Notes from an author: Kiran Millwood Hargrave on the Norwegian island of Vardø

On a solo visit to the Norwegian island of Vardø — the scene of 17th-century witch-hunts — the writer finds peace at last, in more ways than one.

By Kiran Millwood Hargrave
Published 27 Mar 2020, 07:00 GMT, Updated 5 Nov 2020, 05:13 GMT
Kiran Millwood Hargrave.
Kiran Millwood Hargrave.
Photograph by Jacqui Oakley

Reaching Vardø is a protracted process. Especially when it is your first trip abroad, alone, after a decade of mental health crises. I did not want to be in my own company, but the island was the setting of my novel, and I owed it to the book, The Mercies, if not to myself.

Connecting through Oslo, I stopped for two nights in Tromsø, to meet an academic whose research had informed my story. Of course, in July in the Arctic Circle, there are not ‘nights’ as I had ever known them. Recovering from a bout of insomnia, it felt vindicating to have endless light, the sky as awake as me. 

After dinner, I walked across the Tromsø Bridge to the Ishavskatedralen, the Arctic Cathedral. Built from concrete and glass, it speaks of water’s life as ice and liquid, its splinter and flow. Closed for a midnight sun concert, the music filtered outside as I stood, breathing and listening, watching Tromsø across the water, in the endless half-light.

Another flight took me further north east to the town of Vadsø. From there, a drive to the island of Vardø. I’d read how a rowan tree planted at the fortress of Vardøhus Festning died almost immediately, and its replacement is swaddled like a newborn throughout winter. But the strangeness of a land without trees, its unbroken expanse, still came as a surprise. The sea, constantly to my right, was grey and, at various points across the bay, land materialised — Russia. 

Until 1983, the crossing to Vardø was by boat. Now, a 3km undersea tunnel joins it to the mainland. Thus, arrival here is unremarkable — it spits you out onto a potholed stretch of road that splits like a wishbone around the harbour, angled north east towards Hornøya, an island uninhabited but for thousands of rare Arctic birds. Across the harbour was the hotel, a low-slung concrete block, guillemots wheeling overhead. 

You do not come here for the food, which is limited but fine enough, or the hospitality, which is much the same. There are no quaint fisherman’s huts, or traces of Sámi settlements. During the war, Vardø was occupied by the Germans, and all-but-razed by Allied Forces. Since 1995, the population has more than halved, and in 2017 the fishing industry here was declared obsolete.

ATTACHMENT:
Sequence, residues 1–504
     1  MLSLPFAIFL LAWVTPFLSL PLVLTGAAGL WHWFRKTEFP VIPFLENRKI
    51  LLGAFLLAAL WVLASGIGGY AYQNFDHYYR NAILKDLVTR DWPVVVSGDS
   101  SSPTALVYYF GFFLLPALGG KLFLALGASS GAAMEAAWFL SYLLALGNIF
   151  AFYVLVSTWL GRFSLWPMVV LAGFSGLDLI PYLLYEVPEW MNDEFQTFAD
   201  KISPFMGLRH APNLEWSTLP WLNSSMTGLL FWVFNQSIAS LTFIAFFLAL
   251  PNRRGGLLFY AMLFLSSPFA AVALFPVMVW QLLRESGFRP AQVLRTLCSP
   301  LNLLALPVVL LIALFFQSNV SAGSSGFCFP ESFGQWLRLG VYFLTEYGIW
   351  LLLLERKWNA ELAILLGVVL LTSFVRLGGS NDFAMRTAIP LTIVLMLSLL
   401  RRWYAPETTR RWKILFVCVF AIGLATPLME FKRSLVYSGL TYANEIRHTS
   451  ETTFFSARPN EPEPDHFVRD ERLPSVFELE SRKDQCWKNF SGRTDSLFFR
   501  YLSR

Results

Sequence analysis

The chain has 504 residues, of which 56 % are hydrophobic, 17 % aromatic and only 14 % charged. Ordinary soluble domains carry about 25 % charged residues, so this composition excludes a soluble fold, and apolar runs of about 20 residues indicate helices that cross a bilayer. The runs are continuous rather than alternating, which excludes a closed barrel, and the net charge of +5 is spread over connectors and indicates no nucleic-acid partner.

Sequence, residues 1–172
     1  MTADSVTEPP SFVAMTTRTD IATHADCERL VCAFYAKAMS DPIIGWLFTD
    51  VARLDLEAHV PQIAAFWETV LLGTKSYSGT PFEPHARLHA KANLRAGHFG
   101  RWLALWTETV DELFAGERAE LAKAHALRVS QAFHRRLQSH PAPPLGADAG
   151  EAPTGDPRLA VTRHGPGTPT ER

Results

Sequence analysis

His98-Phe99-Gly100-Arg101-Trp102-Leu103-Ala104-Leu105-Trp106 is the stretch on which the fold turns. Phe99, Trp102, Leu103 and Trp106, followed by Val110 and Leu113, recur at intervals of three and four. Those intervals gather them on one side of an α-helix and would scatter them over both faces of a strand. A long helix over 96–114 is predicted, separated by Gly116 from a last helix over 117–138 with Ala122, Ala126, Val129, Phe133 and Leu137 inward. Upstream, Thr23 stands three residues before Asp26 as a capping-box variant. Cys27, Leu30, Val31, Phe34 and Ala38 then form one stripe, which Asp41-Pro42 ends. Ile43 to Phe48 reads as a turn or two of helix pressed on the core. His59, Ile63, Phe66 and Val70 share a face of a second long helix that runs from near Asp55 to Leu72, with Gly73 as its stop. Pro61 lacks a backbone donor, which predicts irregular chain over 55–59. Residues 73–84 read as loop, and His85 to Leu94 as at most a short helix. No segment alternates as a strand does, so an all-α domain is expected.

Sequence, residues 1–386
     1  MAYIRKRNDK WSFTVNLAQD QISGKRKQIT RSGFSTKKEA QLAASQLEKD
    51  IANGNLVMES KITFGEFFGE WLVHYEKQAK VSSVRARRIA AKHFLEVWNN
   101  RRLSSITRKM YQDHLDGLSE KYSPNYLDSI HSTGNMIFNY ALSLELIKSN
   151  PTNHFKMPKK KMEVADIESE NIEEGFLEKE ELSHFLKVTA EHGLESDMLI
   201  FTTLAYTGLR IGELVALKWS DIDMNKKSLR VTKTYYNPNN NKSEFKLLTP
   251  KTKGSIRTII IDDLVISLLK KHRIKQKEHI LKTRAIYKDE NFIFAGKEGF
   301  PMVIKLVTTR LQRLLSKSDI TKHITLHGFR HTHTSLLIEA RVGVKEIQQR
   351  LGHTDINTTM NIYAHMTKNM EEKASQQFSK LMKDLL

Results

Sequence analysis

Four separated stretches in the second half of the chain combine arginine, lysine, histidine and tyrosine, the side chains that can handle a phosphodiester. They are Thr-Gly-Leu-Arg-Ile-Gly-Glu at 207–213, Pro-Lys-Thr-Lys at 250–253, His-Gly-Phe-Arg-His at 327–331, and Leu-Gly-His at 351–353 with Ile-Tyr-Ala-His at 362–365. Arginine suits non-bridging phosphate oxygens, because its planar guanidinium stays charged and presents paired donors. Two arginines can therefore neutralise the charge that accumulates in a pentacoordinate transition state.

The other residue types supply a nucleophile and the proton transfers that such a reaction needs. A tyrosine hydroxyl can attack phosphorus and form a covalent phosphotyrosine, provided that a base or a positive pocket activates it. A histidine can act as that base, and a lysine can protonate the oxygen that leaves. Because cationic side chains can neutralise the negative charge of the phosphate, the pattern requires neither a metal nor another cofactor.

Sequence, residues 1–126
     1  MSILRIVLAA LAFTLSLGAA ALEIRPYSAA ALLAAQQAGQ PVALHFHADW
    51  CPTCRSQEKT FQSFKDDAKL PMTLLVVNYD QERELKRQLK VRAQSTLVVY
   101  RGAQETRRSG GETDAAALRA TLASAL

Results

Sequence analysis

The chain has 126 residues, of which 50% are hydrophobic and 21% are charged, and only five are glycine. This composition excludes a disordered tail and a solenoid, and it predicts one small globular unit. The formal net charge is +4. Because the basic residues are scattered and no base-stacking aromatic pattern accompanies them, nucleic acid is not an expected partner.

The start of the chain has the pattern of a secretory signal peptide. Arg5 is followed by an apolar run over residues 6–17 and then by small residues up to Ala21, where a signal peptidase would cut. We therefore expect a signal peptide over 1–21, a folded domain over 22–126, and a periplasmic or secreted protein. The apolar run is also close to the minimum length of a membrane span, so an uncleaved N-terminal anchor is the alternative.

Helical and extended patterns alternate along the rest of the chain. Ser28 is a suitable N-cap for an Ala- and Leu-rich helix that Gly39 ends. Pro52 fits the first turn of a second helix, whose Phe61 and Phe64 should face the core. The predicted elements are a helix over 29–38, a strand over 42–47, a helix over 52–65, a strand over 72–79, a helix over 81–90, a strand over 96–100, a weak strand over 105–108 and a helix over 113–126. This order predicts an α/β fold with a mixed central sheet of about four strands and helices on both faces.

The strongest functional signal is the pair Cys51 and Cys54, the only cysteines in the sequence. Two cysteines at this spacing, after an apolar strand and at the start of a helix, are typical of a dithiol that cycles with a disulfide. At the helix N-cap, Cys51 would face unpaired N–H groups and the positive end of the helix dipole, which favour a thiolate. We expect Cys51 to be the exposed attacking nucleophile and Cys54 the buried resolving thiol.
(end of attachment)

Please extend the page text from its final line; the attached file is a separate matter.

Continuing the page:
For most visitors, it is simply the last stop on the Hurtigruten ferry’s south-north route, or an access point for Hornøya. But what I came for is a 15-minute walk from the hotel, across a small hump of residential streets. 

“The fabric walls pulse and warp, and wind rushes through the gaps in the planks of the floor. A sea fret drifts in and fills the structure as though with smoke. Each testimony ends with the same phrase: ‘burned at the stake’”

The Steilneset Memorial hugs a stretch of shore that faces a blank sea. Within sight of Vardøhus Fortress, it is one of the few places on the island that offers a piece of unconcreted land, upon which a world-class piece of art and architecture sits. Peter Zumthor’s canvas-and-wood walkway groans and snaps in the wind, 91 lights flickering in the small windows. Because, for four years in the 1620s, Vardø and its castle became the site of Scandinavia’s most vicious witch-hunts. Each of the lights represents a life lost, and is accompanied by the murdered men and women’s testimonies, translated by Dr Liv Helene Willumsen, the academic I met in Tromsø. 

Entering the memorial is a disorientating, emotionally draining experience. The fabric walls pulse and warp, and wind rushes through the gaps in the planks of the floor. A sea fret drifts in and fills the structure as though with smoke. Each testimony ends with the same phrase: ‘burned at the stake’. At the end of the tunnel is a separate installation by Louise Bourgeois. A metal chair, flaming and sizzling, surrounded by hazy mirrors. It is a place of remembrance that brings the past within touching distance, and stings as much as it soothes. 

The next day, I drove to Hamningberg, an abandoned fishing village. I saw wild reindeer running on shingle beaches, a sea hawk lifting and dropping a tern on the road until it opened like old fruit. I passed no one on the roads, there or back. For three days, I spoke only to order food and pay bills and say thank you. And yet, when I joined the road that would take me to the airport, I was not ready to go home. After years of hating my own company, this journey had brought peace. Part of me wanted to keep driving this road, the E75, which starts in Vardø, and does not end until it reaches Sitia, on the island of Crete. One day, I will. I might even go alone.

The Mercies, by Kiran Millwood Hargrave, is published by Picador (£14.99).

Follow @kiran_mh

Published in the April 2020 issue of National Geographic Traveller (UK)

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